CA CA vectors 0 # 3 to # 5 1 do not move in space. $he! are referred to as stationar! vectors. When the upper or lower transistor of a phase is O9, the switching signal of that phase is >3? or >*3?, and when an upper or lower transistor is O//, then the switching signal is >4?. $he eight combinations and the derived output line*to*line and phase voltages in terms of the <C suppl! voltage areF

Choosing the neutral point n and the output phase voltages of the inverter depend on the relationship between the switching variables DS3I S'I S:E hence the <C voltage as followsF

Jence b! solving above equations we get

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$he space vector can be also represented in another reference frame with two orthogonal a es 0K and L1. We assume that K a is is aligned in the hori+ontal direction and that the L a is is vertical. $hen the abc three*phase voltage vector given in above equation can be transformed into a vector with K L coordinates. $he K L vector is used to find the sector of K L plane in which the reference voltage vector lies. $he phase voltages corresponding to the eight combinations of switching patterns can be mapped into K L coordinates.

;quating real and imaginar! parts we get,

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| space vector, and the last $he values of #K and #L are called K and L components of the
column in $able '.' shows the reference space vector. $he voltages #K and #L become the inputs for dwelling time calculations in the space vector PWM and are used to compute the scalar magnitude of the reference voltage CA # .e f

$he magnitude of the reference vector isF $he phase angle is evaluated from

9.,

IMPLEMENTATION PROCEDURE OF A TWO?LEVEL SPACE VECTOR PWM

$he procedure for implementing a two*level space vector PWM can be summari+ed as followsF 3. Calculate the angle M and reference voltage vector components. %. Calculate the modulation inde and determine if it is in the over*modulation region. '. /ind the sector in which based on the sector angle M. O. /ind the time intervals $a and $b and $4 based on $s , and the angle M. 0/or over* modulation, find $a4 , $ 4 and $ 4 is +ero.1 :. <etermine the modulation times for the different switching states. CA # re f l i e s , and the adjacent space vectors of CA # = and CA # =N3 CA # ref b a se d on the input voltage

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/low <iagram for S#PWM "mplementation

9.9

CALCULATION OF TIME DURATIONS T(, T,, T)4


$3 and $% denote the required on*time of the active*state vectors # = and # =N3

during each sample period, and = is the sector number denoting the reference location.$4 is the time interval for +ero vector location.

Space #ectors of $hree*Phase 6ridge "nverter $o B $s*0$3N$%1 #olt*sec along K*a isF #3$3N 0#%cos54o1 $%B#sP$scosK #olt*sec along L*a isF QQ 031

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4N 0#%sin54o1 $% B #sP$ssinK Solving 031 and 0%1 lv3l B lv%lB#dc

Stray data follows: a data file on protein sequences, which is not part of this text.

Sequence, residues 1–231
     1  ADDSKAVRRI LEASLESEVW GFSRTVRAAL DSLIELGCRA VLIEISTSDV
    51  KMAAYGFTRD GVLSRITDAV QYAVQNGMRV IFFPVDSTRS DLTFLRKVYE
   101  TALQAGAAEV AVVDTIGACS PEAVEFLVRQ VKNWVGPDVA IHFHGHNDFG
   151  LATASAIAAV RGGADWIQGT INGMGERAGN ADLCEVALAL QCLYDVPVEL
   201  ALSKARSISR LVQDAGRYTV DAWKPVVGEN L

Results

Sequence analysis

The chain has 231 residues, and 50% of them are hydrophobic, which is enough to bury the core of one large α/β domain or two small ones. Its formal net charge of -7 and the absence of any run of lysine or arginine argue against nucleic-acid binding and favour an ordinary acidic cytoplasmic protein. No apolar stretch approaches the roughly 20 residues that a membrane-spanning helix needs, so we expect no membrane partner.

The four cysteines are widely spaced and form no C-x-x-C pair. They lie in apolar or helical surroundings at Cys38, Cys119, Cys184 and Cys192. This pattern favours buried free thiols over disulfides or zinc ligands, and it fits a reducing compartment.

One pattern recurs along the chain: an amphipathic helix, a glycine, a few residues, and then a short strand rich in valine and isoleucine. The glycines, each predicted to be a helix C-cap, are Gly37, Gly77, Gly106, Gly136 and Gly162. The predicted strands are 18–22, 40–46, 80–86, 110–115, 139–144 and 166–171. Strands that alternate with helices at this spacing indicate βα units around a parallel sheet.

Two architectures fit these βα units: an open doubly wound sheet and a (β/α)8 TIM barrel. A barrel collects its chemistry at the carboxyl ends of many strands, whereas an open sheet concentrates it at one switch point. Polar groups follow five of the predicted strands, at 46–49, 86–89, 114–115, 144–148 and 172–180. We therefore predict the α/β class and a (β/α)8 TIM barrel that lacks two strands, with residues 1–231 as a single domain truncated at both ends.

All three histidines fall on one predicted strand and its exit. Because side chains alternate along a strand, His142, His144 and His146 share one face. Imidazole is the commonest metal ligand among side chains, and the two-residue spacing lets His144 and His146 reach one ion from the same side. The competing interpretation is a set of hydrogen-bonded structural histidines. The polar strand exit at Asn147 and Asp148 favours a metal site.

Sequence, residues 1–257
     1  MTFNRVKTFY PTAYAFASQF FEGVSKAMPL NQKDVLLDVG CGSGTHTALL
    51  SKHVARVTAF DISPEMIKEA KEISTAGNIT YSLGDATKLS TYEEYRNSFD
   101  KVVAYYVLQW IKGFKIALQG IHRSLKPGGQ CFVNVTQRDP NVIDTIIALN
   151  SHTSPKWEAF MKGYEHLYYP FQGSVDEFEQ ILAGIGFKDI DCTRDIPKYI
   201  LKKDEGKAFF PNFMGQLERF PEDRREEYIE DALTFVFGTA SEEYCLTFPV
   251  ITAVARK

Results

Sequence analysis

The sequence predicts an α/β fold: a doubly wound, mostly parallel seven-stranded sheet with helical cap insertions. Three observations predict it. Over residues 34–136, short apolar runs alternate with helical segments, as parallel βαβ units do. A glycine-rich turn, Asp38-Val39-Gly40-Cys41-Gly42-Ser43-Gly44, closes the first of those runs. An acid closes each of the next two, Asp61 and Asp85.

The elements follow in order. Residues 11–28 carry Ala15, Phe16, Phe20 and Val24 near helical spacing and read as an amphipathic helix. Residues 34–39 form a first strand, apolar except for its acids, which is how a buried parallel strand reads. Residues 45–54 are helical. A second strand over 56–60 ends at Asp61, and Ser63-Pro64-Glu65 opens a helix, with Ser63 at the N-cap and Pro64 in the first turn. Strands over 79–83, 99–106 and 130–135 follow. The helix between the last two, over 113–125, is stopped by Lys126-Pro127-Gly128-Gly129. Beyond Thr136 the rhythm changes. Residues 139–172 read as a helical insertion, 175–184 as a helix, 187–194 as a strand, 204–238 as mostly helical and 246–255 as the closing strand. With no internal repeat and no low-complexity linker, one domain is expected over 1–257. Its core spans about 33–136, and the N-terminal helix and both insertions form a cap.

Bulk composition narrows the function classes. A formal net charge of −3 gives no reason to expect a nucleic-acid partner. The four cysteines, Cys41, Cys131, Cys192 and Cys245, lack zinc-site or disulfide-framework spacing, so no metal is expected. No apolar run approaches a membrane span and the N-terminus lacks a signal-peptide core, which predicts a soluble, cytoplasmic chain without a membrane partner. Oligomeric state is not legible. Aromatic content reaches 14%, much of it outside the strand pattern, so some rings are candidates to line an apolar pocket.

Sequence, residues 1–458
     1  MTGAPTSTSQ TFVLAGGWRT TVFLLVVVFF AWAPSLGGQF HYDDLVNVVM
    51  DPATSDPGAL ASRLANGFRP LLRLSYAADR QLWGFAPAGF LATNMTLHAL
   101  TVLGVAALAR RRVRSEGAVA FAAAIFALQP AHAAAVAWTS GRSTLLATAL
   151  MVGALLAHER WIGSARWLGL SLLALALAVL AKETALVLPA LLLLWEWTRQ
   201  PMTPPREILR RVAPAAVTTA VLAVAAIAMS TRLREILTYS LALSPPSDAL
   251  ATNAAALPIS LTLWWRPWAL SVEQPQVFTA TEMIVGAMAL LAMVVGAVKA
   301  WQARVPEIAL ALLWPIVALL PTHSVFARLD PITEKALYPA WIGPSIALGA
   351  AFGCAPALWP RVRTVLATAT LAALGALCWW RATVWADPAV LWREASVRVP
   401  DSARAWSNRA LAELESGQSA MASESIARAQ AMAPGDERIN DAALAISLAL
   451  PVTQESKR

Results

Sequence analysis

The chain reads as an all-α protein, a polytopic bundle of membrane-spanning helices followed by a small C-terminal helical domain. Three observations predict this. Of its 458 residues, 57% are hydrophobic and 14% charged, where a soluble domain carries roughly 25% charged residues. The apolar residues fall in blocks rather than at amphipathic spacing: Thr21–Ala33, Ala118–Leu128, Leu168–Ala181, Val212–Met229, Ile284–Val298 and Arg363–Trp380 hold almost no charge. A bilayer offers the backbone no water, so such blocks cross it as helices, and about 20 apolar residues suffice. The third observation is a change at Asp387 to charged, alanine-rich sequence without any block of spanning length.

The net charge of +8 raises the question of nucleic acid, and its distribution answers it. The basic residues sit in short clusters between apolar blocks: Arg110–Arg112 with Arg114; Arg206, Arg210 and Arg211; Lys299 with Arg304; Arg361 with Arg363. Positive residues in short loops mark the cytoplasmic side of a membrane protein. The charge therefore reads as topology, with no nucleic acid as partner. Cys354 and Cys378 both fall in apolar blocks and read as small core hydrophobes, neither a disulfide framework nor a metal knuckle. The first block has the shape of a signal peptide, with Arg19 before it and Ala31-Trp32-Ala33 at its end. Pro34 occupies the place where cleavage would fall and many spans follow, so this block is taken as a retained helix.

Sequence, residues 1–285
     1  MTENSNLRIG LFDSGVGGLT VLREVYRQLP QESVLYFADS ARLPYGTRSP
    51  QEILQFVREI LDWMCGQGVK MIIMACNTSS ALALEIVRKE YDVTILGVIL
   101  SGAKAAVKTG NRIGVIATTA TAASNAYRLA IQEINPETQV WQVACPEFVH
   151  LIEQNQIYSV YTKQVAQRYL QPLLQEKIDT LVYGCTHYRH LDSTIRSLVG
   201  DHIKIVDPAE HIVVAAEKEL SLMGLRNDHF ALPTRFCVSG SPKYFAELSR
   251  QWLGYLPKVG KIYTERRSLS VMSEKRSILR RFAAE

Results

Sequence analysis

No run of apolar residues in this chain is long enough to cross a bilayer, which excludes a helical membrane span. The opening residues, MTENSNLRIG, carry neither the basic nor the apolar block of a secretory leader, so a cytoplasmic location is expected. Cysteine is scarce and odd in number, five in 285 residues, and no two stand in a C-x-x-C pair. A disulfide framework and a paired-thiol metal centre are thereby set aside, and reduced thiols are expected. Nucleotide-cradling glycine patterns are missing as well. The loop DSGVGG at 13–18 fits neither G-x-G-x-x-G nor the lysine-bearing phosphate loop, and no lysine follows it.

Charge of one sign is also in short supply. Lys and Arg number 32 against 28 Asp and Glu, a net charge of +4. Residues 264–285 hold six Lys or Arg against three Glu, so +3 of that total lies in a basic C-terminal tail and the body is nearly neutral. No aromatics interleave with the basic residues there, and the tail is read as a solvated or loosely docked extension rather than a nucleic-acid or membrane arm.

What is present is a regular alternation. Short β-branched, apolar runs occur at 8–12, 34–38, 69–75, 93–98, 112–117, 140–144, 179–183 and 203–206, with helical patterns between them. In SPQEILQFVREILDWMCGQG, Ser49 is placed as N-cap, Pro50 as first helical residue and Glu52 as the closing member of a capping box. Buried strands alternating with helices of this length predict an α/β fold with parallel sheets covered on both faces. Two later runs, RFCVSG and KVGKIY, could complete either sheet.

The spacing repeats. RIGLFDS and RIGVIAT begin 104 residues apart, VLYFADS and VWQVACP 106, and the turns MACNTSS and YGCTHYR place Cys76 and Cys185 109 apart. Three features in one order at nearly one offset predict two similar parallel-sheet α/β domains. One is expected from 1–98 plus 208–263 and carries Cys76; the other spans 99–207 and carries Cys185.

QQ 0%1

"n a sector #aries between 54o

$o B $s*0$3N$%1 ,verage valuesF D* E

D$3N$%E

D*$3N$%E

D*$3*$%E

,verage values in sector 3F

D$3N$%E

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Substituting $3, $% values above equation

#6O 0avg1 B #ssin 0K*'41 #CO 0avg1 B *#,O 0avg1 S#PWM using the sampled reference phase amplitude

Sector 3F

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Substituting above equations we get

$3 B $,S*$6S Similarl! $% is given as $% B $6S*$CS #,R-;S O/ $4, $3, $% /O. ,RR S;C$O.SF

S;C$O.

$3

$%

%$s*0$3N$%1

$,S*$6S

$6S*$CS

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%$s*0$3N$%1

$,S*$CS

$6S*$,S

'

%$s*0$3N$%1

$6S*$CS

$CS*$,S

%$s*0$3N$%1

$6S*$,S

$CS*$,S

%$s*0$3N$%1

$CS*$,S

$,S*$6S

%$s*0$3N$%1

$CS*$6S

$,S*$CS

Switching Patterns of Si Sectors

9.-

MODULATION INDE@ 'LINEAR REGION*4

"n the linear region, the rotating reference vector alwa!s remains within the he agon. $he largest output voltage magnitude is the radius of the largest circle that can be inscribed within the he agon. $his means that the linear region ends when the reference voltage is equal to the radius of
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the circle inscribed within the he agon.

/rom /ourier anal!sis we can write

$he ratio between the reference vector

CA

# re f and the fundamental pea= value of the square phase

voltage wave 0%#dc @H1 is called the modulation inde . $herefore in linear region modulation inde can be e pressed as

"n this case the ma imum modulation inde is obtained when inscribed circle. Jence

CA

# re f equals the radius of the

$herefore,

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9.;

T>PES OF DIFFERENT SCHEMES


$here are two modes of operation available for the PWM waveform. $he! are s!mmetric and

as!mmetric pulse width modulation. $he pulse of an as!mmetric edge aligned signal alwa!s has the same side aligned with one end of each pulse width modulation period. On the other hand, the pulse of s!mmetric signals is alwa!s s!mmetric with respect to the centre of each PWM period. $he s!mmetrical PWM signal is often preferred because it has the lowest total harmonic distortion 0$J<1. $here are different schemes in space vector pulse width modulation and the! are based on their repeating dut! distribution. Switching is achieved b! appl!ing a +ero state vector followed b! two adjacent active state vectors in a half switching period. $he ne t half of the switching period is the mirror image of the first half. "n order to reduce the switching loss of the power components of the inverter, it is required that at each time onl! one bridge arm is switched. $he switching sequence for all sectors are shown belowF